A 500-pound man was admitted to the cardiac floor of a local regional hospital last week. In one of my training programs at this hospital, some of the nurses on the obese man’s unit described how difficult it was to care for him. They told their fellow classmates that the patient continually pressed the call bell. He would ask for water and as soon as that need was filled he would ask for ice or a pillow.
These nurses ran back and forth into his room all day and into his first night at the hospital. When comparing notes at the end of the shift, they determined that the man had not been alone all day due to the quick responses of the staff to his every need.
One nurse’s comments stood out to me as I asked the class to share what enabled them to stay responsive and positive with this assertive patient. She described the collaboration she builds with a patient when she is assigned his/her care. To start, she tells each patient that her goal is to collaborate with them to help them heal. In the case of the obese man, she introduced herself and asked him if she could count on him to partner with her. When he began to ring for her repeatedly, interrupting the care that she was giving to other patients, she began asking herself what could be the reason that the man was so demanding. She told us that she considered the following ideas:
- He was scared to be alone
- He had lost his sense of control over his life so he needed to try to control things on his unit
- He might have had inattentive service during another hospital visit
- He was lonely
- He didn’t know any better about the ways to be your own advocate while in the hospital
- He had inadequate insurance coverage and knew he would owe a lot of money for his stay. He was going to insure he got his money’s worth during the visit.
Not knowing if any of these ideas were true didn’t matter to this one nurse. By considering what might be motivating the patient to behave as he did, she discovered empathy for him as well as more curiosity about his circumstances. By not jumping to the conclusion that the patient was acting out inappropriately, she stayed away from judging him and then getting impatient with the way he was trying to partner with her.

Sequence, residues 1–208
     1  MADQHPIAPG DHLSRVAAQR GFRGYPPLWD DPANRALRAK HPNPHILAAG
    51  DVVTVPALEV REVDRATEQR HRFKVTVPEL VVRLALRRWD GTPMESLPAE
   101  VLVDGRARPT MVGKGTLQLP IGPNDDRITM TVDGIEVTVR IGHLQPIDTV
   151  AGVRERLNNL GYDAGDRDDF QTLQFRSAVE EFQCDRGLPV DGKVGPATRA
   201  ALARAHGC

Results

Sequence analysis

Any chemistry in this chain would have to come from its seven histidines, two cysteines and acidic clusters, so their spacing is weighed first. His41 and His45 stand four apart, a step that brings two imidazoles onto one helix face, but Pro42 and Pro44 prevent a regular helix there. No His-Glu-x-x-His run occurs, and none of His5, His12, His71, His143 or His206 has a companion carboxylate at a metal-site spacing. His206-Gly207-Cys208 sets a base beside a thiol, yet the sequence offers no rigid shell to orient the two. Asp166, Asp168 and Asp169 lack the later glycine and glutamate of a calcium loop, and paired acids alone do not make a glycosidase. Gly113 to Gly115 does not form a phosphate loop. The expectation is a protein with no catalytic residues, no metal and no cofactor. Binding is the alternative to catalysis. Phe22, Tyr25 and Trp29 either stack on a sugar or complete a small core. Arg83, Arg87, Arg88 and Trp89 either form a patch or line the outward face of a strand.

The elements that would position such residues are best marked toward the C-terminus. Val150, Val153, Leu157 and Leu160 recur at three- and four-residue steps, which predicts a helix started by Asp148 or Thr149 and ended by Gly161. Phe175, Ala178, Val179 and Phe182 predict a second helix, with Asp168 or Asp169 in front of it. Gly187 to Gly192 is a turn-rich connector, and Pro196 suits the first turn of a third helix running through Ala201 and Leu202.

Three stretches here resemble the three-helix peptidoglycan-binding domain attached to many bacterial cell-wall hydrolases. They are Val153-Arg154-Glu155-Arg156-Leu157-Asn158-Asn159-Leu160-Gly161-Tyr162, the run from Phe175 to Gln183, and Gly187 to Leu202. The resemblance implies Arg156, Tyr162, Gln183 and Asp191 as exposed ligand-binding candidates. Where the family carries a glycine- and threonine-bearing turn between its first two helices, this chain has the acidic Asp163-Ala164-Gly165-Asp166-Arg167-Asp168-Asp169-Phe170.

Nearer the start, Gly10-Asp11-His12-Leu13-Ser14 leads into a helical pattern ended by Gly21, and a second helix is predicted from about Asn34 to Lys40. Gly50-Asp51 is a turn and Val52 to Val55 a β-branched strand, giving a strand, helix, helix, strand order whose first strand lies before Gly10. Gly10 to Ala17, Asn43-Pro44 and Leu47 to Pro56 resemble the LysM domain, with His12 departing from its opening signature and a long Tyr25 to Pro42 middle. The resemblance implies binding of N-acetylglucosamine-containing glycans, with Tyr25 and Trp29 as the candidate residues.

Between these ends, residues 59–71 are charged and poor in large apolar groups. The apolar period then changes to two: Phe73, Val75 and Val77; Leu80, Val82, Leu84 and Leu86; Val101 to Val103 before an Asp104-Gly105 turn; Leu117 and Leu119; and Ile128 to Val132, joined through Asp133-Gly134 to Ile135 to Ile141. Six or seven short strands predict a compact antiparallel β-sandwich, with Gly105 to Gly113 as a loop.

The Oneida Indian tradition has a name for the process the nurse used with this large cardiac patient. It is called The Rule of Six. This long-standing part of the Oneida world view represents the idea that for any phenomenon, behavior or event, there are at least six possible explanations for it.
The Oneida believe that if you look for six explanations, you will not lock into the first interpretation you land on. When applied to our experiences with people, an automatic interpretation of someone’s behavior is often not accurate so the discipline of looking for other reasons for some behavior can widen our options for how to respond.
This nurse’s story highlights how the Rule of Six helped her to be quite agile with a demanding patient. She was able to avoid frustration and to respond to him with continual compassion and interest. I’m thinking that the Oneida tradition can help all of us to be more emotionally intelligent when dealing with the varied personalities on our teams and in our organizations. Let us know what your experience has been using this technique.